Power Consumption


View All Comments

  • npz - Tuesday, November 13, 2018 - link

    Go look at the Adobe CC forums and see what machines are people running, especially for Premiere and After Effects. They're all these kinds of beefy machines, HEDT from Intel and AMD. Likewise look at what people are using for DaVinci Resolve. Just because you don't work in the professions that require it, doesn't mean that it isn't a major use case. Reply
  • MisterAnon - Wednesday, November 14, 2018 - link

    You are not a professional then (and if you are a professional they made a bad hire), because unless your job requires to walk around while typing a laptop is absolutely useless for the professional world. A desktop will get work done significantly faster with no drawbacks. You're sitting in a chair all day, not out camping. Reply
  • jospoortvliet - Thursday, November 15, 2018 - link

    If you are so immature and clueless as to not recognize that most professionals - like anyone in sales or management or 90% of other professions have no need for more compute than a 15 watt core i5 delivers you should certainly not call others unprofessional. Reply
  • bigboss2077 - Saturday, November 24, 2018 - link

    ohh man I think you take too much weed. Reply
  • PeachNCream - Tuesday, November 13, 2018 - link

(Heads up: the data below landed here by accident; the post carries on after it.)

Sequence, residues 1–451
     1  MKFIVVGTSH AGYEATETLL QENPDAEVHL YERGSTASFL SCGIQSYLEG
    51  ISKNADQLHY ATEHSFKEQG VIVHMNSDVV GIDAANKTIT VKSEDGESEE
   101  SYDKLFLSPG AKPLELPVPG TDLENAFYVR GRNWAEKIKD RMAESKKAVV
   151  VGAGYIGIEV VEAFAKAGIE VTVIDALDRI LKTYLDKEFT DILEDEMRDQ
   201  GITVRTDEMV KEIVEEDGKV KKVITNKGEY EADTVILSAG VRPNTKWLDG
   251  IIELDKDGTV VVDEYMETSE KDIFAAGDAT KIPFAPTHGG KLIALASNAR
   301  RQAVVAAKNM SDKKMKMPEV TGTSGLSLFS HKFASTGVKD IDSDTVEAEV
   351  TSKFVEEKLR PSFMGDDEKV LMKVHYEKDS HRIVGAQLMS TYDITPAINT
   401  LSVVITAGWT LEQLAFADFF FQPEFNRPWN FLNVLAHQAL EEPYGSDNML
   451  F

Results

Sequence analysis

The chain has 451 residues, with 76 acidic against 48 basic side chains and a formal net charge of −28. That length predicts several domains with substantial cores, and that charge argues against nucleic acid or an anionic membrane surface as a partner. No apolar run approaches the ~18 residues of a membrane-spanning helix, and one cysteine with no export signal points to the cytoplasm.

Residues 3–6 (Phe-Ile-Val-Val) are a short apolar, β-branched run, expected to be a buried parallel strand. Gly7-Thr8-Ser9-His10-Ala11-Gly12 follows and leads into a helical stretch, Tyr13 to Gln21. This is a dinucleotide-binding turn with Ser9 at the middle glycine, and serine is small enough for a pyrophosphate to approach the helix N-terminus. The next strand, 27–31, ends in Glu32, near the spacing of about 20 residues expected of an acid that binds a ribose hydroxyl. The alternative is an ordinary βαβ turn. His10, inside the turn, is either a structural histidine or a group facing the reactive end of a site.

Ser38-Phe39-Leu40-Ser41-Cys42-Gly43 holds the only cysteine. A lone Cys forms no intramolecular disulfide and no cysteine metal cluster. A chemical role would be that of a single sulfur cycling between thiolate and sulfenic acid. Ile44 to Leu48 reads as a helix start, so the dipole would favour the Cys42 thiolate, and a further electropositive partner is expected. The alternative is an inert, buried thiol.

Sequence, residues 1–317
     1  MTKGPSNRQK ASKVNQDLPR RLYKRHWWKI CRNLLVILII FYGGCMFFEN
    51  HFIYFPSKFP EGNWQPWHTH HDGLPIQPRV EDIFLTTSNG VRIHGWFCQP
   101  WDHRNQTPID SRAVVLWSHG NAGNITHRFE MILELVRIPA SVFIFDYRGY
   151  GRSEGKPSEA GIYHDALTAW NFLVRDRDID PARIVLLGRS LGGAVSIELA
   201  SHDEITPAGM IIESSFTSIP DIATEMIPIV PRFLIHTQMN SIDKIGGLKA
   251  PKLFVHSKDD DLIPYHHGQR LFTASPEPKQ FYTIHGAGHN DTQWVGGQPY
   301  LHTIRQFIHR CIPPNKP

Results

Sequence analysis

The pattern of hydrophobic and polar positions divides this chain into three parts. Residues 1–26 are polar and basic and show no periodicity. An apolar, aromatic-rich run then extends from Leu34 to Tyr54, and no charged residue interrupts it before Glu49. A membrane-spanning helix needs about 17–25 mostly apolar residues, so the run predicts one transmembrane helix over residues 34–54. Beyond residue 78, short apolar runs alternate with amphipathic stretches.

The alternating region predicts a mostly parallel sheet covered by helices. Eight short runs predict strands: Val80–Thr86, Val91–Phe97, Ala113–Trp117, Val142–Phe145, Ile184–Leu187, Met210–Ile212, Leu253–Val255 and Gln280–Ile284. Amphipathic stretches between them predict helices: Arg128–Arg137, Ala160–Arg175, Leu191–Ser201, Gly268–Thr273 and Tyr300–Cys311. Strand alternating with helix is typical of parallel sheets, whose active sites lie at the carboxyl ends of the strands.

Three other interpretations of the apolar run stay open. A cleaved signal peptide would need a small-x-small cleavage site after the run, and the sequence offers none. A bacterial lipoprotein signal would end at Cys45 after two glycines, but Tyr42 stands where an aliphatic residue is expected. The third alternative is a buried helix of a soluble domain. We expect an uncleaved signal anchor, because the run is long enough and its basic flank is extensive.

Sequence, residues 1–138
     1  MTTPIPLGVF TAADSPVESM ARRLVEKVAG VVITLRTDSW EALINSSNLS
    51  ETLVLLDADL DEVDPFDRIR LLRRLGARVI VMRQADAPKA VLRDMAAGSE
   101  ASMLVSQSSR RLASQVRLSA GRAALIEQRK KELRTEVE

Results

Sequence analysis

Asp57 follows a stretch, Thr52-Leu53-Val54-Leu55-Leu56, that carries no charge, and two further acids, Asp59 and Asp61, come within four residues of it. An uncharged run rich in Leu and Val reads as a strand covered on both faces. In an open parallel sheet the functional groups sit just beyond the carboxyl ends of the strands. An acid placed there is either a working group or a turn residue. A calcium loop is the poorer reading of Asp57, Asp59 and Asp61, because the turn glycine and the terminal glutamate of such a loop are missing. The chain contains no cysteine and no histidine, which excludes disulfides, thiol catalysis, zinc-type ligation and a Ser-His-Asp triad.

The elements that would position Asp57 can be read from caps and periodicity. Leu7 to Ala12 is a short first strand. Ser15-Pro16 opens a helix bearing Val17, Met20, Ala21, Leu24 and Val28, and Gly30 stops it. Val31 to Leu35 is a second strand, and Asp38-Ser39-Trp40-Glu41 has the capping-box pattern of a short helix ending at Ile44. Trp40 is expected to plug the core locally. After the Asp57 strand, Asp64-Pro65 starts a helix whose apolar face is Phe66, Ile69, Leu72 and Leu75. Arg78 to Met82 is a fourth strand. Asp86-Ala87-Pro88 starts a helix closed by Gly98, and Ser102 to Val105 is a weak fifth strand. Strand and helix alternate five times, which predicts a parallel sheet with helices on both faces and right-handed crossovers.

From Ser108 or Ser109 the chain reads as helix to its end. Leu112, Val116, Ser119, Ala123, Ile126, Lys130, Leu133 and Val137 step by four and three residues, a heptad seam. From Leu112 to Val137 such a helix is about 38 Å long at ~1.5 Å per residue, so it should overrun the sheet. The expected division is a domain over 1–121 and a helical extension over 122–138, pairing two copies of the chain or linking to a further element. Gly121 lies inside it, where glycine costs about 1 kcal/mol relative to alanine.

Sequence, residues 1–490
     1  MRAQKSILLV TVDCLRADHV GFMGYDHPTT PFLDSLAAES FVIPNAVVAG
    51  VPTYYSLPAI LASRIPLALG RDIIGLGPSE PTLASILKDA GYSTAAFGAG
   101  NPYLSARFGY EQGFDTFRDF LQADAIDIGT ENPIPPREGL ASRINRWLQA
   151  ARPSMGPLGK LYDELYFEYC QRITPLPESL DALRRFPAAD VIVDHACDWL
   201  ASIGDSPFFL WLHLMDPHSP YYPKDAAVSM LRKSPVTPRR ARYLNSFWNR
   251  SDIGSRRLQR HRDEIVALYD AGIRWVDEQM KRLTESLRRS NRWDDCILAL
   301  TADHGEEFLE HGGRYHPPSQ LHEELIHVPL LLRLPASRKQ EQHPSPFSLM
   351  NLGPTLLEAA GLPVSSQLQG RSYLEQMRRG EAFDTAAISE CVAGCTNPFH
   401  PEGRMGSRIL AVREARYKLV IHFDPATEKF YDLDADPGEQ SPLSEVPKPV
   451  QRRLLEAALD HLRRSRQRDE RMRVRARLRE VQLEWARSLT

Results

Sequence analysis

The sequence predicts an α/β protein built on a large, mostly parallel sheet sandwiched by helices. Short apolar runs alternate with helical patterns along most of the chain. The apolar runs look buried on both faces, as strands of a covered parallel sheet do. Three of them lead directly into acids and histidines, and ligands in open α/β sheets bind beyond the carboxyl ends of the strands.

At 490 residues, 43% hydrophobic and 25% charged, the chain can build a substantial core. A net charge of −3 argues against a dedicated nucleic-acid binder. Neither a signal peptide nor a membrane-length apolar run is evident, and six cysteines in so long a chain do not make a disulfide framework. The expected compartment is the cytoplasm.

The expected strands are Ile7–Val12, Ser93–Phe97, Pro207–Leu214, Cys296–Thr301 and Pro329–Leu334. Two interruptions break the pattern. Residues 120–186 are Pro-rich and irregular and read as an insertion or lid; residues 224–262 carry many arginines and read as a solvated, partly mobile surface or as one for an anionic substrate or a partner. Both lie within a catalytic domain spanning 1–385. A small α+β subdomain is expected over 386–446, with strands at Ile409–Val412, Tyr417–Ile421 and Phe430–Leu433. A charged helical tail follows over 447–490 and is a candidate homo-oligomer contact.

It's about bragging or walking around with a puffed up chest. For some people, self-promotion through the ownership of overpriced, unnecessary computer hardware is an important element of filling up otherwise empty, meaningless lives. Reply
  • Spunjji - Tuesday, November 13, 2018 - link

    It's weird, because you're doing that too, only inverted. Your entire argument seems to be that because it's good enough for you and your colleagues it should be good enough or everyone. Reply
  • PeachNCream - Tuesday, November 13, 2018 - link

    Attack as a means of defense. You're implying I've listed a set of specifications that meet everyone's requirements in order to attempt to defeat an argument that contained no such implication because you can't find another way to discredit it. Reply
  • MisterAnon - Wednesday, November 14, 2018 - link

    You look ridiculous trying to get out of admitting that you lost the argument. Interesting mental gymnastics though. Reply
  • MisterAnon - Wednesday, November 14, 2018 - link

    >It's about bragging or walking around with a puffed up chest.

    That's funny, because it seems the only one doing that is you! I sense an insecurity coming from you over the fact that you use a tiny laptop. Unless your job requires you to walk around and type at the same time, there is precisely zero reason for any professional to sacrifice power and productivity for useless mobility. You're going to be in the same room all day at work.
  • PeachNCream - Wednesday, November 14, 2018 - link

    Setting conditions for what justifies or doesn't justify a mobile computer versus a desktop is just an attempt to create "rules" for the silly Calvinball-style game you're attempting to play. "Oh, you can ONLY use X if condition Y exists, so nyah nyah! I win you big meanie!" I know that typing when you're offended tends to limit the ability to think sensibly, but at least pause for a moment or two before you let your emotions get the better of you. Reply